I was talking with a friend when he said, a little for a joke a little for desperation, "If I only knew the time I spent in front of this Revit model...!!". Suddenly the M4B in me woke up, ready to tell him the exact time!
To get the time spent on the model, the idea is to look at the Journal Files, this way is also possible to record the time spent even if no savings nor synchronization happened!
What is a Journal File
Journal Files are TXT files used mainly to troubleshoot technical problems with Revit® products, they are located by default in
%LOCALAPPDATA%\Autodesk\Revit\<Product name and release>\Journals
and they are monitoring literally everything that is happening during your Revit session, even when you move your mouse!!
The Macro4BIM tool
For this purpose, Macro4BIM created a #pyRevit pushbutton which is just asking you to define what the project name you want to investigate is.
As visible from the GIF below, the project you're currently working on will be set as default text of the form... that's for saving us these 5 seconds needed for typing the project name!!
Once all this info is extracted, we don't give only the total time, but we articulate the data showing also the day-by-day number of sessions and time spent!
The tool comes with the whole pyM4B extension, for any questions feel free to reach out to us!
If you're curious about the backstage, how it works and how it was possible, keep on reading (😋) otherwise, here is a summary of what it does:
The script is calculating any time delta between the user movements on the views of a SAME project.
and here is an example of the output window:
Of course, this all highly depends on the journal files, so you can go back in time depending on how many Journal Files you have on your pc. Watch out at your frequency of Journal File cleanup which by default is set to 10 days.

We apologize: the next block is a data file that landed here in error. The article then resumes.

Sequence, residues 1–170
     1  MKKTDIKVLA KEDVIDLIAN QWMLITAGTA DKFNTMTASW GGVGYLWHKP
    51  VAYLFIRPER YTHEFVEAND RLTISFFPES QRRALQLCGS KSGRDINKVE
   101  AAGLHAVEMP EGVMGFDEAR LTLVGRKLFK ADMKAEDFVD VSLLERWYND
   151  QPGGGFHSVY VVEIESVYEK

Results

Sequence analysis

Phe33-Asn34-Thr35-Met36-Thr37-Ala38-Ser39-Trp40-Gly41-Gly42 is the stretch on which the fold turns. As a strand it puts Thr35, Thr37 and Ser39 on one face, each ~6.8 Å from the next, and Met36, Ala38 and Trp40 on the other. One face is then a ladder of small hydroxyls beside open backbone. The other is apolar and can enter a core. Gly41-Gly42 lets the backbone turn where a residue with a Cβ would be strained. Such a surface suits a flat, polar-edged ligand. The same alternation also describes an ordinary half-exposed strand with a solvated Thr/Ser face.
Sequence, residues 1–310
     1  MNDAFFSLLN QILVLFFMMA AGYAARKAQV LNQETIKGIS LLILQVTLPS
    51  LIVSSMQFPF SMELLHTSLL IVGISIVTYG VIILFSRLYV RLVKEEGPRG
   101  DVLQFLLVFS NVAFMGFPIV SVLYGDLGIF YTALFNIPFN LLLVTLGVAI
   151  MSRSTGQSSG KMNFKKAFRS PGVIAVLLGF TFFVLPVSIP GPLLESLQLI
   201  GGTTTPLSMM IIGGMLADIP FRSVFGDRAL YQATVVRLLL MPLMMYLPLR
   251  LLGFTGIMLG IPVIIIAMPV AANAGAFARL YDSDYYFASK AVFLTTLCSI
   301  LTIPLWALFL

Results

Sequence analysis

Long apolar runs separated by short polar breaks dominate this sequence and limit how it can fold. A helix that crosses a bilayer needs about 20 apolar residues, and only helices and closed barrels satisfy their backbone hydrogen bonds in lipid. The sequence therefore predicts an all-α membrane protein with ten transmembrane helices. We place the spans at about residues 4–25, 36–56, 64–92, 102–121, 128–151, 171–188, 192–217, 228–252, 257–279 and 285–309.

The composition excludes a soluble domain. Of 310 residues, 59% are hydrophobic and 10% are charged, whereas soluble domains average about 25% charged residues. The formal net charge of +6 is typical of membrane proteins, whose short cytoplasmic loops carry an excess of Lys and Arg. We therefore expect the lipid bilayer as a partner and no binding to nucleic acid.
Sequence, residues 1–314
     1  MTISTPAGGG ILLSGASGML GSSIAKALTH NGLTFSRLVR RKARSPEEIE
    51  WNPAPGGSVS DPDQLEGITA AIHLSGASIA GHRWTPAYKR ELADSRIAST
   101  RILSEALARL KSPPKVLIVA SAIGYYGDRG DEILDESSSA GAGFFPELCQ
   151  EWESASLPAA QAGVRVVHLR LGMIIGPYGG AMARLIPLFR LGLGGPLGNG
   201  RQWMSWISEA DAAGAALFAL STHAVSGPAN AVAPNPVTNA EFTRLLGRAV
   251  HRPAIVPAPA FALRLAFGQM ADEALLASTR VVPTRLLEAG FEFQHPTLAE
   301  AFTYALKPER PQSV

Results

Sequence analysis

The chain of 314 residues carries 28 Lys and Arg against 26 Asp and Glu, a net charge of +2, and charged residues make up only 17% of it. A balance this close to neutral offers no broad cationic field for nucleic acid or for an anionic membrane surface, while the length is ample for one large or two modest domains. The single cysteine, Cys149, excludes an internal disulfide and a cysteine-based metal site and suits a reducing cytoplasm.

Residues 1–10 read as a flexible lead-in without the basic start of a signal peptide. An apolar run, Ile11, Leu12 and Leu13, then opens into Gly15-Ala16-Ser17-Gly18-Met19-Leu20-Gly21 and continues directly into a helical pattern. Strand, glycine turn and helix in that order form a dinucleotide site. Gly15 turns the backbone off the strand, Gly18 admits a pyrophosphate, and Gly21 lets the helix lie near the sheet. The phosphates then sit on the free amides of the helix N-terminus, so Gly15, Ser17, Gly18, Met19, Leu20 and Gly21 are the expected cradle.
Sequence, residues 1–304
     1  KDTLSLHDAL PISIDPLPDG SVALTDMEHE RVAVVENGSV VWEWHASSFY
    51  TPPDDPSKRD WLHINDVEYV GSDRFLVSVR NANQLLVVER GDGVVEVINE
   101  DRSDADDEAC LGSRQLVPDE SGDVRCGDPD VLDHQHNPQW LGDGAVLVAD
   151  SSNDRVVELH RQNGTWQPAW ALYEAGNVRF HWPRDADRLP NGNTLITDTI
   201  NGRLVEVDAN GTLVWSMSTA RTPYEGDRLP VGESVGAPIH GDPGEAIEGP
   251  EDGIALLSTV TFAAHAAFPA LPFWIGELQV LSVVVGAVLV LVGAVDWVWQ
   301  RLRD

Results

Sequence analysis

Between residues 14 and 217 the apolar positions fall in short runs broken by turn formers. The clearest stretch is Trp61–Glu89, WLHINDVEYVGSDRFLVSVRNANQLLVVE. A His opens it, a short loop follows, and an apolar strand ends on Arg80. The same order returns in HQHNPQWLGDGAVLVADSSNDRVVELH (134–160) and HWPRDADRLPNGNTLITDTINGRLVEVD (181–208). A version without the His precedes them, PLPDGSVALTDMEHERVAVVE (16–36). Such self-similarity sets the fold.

How to collect time from Journal Files
As we were saying, in these TXTs is mapped literally everything, the challenge is now to understand when certain operation is referring to a specific project rather than the global Revit session. To do so, we need to open a journal file and read its structure.
You can open any of yours and you'll see that they look something like this:
As visible, most of the operations show the DateTime, but not all of them tell on which project they are performing!! Luckily for us, the is this Jrn.Directive that also specifies the project name in its very first raw after the function name.
This journal file operation is referring to every movement that happens on a view, like Pan and Zoom, and we agreed that this is the kind of operation that can give us a very nice estimation of the time spent working on a project.
The script, step-by-step, consists in
reading all the journal files on your PC
grouping all the Jrn.Directive operations
recognize the operations referring to the given project name
calculate the delta time between the operations
exclude the time delta when the user is working on another project.
These days I'm in the Netherlands and it's blowing a strong wind like I never saw in life, it is a condition of true alert and everyone is encouraged to stay at home... well, a perfect time to develop this tool exercising my finger with a Python code!
I'm sure about the opinion of my friend I was talking about before, but I really hope you liked the tool and enjoyed the read as well!!